Why bother?

When I was weighing my options for what I could do during my last year, it was all based on how I could improve my job prospects for next year. My first and the most obvious option was to just hunker down and crank out a bunch of publications to lengthen that CV. This is a good plan, but ultimately I decided I probably wouldn’t be able to get them done in time for potential employers to see them anyway. I have a couple projects in various stages of the publication pipeline right now, so I’ll continue working on those, but that won’t be what I spend 100% of my time on.

Well so then I looked at perhaps strengthening the teaching part of my job applications. I’ve been funded through research assistantships this whole time, which has been great! But that means I’ve only had the opportunity to teach twice and I think universities like to see more teaching experience than that. So I thought about getting the graduate certificate in University Teaching, which would involve some actual courses in pedagogy. I figure if I couldn’t impress them with experience, maybe I could with training and certification. I’ll admit, it didn’t sound that fun, but some of the courses did look somewhat interesting. However, I found out that I’m ineligible for the certificate anyway because I need to have taught four sections while at UGA to qualify, which I have not. So, I scratched that idea.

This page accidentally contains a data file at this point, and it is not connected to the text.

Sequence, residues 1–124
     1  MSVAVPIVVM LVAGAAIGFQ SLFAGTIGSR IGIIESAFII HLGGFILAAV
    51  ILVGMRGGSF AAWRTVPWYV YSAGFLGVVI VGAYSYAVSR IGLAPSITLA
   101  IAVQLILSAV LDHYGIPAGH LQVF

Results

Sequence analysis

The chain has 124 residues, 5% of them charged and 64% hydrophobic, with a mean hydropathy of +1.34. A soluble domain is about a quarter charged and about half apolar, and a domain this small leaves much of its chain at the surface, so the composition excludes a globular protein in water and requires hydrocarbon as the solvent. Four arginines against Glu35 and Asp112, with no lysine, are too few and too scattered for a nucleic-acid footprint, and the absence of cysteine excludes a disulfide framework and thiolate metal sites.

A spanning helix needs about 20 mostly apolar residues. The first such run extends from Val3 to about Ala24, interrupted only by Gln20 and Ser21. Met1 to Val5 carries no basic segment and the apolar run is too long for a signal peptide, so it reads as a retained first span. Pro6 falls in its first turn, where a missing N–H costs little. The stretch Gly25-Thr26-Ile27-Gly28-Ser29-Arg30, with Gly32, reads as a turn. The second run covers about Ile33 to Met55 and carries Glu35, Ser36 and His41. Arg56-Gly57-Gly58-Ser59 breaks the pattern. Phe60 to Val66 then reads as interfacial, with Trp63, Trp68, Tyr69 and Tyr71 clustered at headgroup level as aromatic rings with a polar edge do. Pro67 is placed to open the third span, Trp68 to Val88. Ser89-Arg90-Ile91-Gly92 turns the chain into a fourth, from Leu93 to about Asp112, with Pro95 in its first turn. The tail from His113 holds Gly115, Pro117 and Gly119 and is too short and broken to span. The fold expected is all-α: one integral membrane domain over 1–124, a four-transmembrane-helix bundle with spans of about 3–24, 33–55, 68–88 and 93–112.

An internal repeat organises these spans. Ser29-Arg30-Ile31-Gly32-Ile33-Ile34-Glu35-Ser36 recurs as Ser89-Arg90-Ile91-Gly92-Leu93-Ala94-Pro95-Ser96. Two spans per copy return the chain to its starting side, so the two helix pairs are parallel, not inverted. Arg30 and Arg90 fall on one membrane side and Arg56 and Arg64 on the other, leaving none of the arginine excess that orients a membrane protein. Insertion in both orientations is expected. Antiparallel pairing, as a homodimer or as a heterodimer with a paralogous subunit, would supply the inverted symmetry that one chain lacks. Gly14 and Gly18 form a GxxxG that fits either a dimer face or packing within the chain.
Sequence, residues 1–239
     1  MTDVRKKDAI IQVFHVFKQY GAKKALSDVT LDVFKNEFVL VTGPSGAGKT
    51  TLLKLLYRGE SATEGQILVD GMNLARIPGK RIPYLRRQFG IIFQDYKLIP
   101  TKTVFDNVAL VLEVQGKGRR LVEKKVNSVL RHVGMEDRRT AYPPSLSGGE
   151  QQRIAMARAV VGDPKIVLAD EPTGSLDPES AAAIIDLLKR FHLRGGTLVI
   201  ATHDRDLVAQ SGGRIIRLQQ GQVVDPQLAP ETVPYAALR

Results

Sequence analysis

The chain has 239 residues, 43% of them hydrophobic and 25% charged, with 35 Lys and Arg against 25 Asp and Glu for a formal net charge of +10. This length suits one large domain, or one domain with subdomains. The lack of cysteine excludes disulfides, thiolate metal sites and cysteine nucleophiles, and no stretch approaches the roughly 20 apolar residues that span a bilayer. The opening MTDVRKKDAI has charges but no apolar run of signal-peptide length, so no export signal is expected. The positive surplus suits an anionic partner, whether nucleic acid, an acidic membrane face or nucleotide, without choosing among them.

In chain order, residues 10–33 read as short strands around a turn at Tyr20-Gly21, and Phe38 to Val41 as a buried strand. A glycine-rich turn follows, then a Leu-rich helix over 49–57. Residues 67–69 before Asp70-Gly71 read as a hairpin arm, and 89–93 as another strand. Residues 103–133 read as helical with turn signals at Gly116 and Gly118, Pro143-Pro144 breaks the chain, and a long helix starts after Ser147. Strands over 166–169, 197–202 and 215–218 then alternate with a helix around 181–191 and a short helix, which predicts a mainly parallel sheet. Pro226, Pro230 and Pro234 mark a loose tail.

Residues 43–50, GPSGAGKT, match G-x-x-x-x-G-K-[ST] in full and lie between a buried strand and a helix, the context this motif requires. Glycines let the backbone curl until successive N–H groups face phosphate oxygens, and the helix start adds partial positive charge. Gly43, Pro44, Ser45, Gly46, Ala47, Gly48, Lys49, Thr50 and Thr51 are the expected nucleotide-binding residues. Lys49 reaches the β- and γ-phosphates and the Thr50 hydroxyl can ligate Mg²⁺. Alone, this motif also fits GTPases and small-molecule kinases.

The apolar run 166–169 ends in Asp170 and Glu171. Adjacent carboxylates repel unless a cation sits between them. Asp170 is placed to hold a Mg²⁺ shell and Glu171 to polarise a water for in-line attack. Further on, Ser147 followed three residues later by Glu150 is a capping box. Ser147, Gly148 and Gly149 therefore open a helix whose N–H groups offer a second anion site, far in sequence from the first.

I think I would have taken ones like adult learning, how to do proper assessment, and skills for being able to teach an online course.

So then I considered getting the graduate certificate in GIS. It’s not totally out of the blue: as a dialectologist, it would be nice to have some actual geography training and it might put me ahead of other potential applicants for positions that wanted a hard-core sociolinguist. The certificate would have been feasible too: I’d take the Intro to GIS course over the summer, and then it would be just two courses in the Fall and two courses in the Spring. In fact, that was what I planned on, and I’m currently taking the Intro to GIS course online right now (and loving it!). But, as I looked through the course offerings, it turns out that the really fun ones that I wanted to take weren’t going to be offered this year. That means I’d have to take things like working with aerial photography or forestry-related courses or something to satisfy those electives, which wouldn’t be particularly fun or easy.